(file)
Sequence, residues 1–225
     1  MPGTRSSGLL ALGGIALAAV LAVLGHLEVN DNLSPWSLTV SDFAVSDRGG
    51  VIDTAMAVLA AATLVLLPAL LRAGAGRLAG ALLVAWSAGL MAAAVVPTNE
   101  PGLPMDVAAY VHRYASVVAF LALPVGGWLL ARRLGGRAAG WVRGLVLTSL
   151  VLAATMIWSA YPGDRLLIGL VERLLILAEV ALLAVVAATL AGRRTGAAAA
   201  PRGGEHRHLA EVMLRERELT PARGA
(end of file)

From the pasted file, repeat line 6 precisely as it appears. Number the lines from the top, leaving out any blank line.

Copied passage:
   201  PRGGEHRHLA EVMLRERELT PARGA